I’m not the biggest fan of the loot system. After winning a race (which in this game means placing in top 3) you get at least 2 new upgrade parts. Each car has 7 upgrade slots. It’s random for what slot you’ll get an upgrade. Sometimes I had 5 upgrades for the same slot but not a single upgrade had dropped for another slot. It does even out sooner or later though. The only way to fully upgrade a vehicle is to redo the same event over and over again. The good news is that it always drops better parts than you already have. There should have been a way to buy specific upgrades like a tuning shop to remove the randomness factor.
The control scheme has two big oddities. When driving a boat you constantly have to hold down the left stick while accelerating to gain top speed. That’s the only way to win a boat race. You also use the left stick to steer so naturally it makes for weird controls. Also, it’s annoying to hold down a stick for minutes on end. The second oddity is that long-distance Hypercar events (40-minute drives from coast to coast) have no signs to show you what roads to take and the checkpoints are kilometers apart. You constantly have to look at the map (which is a feature the game doesn’t even tell you about) while driving 400 km/h. I either missed an exit because I was driving so fast it wouldn’t even show on the map soon enough or I crashed into oncoming traffic because I had to keep an eye on the map. This could easily have been solved by putting in a colored race line on the ground or adding barricades so you don’t end up on the wrong road. They also have to add a directional arrow to checkpoints. I was often driving through one and then the next checkpoint required to take a sharp turn for which there was no indication beforehand. These are just small things but they are annoying after a while.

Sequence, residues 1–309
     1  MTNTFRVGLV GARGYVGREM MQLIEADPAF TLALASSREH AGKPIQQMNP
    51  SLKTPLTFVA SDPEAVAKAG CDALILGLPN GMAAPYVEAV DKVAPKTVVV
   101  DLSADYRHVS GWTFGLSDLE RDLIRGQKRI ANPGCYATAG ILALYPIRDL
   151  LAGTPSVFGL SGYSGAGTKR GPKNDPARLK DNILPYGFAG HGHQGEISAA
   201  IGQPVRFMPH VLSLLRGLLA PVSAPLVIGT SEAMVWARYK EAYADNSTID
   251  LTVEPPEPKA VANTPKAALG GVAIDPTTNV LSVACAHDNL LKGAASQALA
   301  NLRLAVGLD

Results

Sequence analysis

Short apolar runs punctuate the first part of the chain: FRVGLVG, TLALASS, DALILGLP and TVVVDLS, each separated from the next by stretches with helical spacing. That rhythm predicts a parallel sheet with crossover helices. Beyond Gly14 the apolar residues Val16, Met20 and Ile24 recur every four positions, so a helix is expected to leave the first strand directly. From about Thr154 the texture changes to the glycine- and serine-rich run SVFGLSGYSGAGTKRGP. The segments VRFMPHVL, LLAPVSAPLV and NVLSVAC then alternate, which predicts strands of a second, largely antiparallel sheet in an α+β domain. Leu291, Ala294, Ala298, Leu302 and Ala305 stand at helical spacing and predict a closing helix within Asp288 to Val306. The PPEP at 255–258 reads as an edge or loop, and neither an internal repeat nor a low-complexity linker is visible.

For its minor flaws, it gets all the big things right. Inviting crew members to events is as easy as driving into the event and it sends an invite to crew members automatically. Then they can accept or decline. I did have an issue with some of my PSN friends not showing up on the in-game friends list. This can be solved by creating a PSN party chat and joining the other player through that. Teleporting to other players or to an event is instant. There are no loading screens to speak of. This is outstanding in a game world this large and constantly connected to other players. I wish every open world game would run this seamlessly. The servers also work perfectly, not a single disconnect or lag. I have to applaud the devs, this is one of the smoothest open world experiences ever. It does, however, have to sacrifice a bit of graphical fidelity to get there. Trees and buildings look bad. Cars look fine though.
All the visual tuning is done from your home. There are plenty of preset liveries or you can make your own. There’s also a decent enough amount of body parts to customize, depending on the car.
The trophies in this game are relatively easy and fast to do. It took me 30 hours to obtain the platinum. You get pretty much everything including the level-related trophies (Icon Level 50) automatically along the way. The only grindy part was maxing out a car which took me 3 hours replaying the same drift event over and over again. For a trophy hunt this is an enjoyable game, especially with a friend.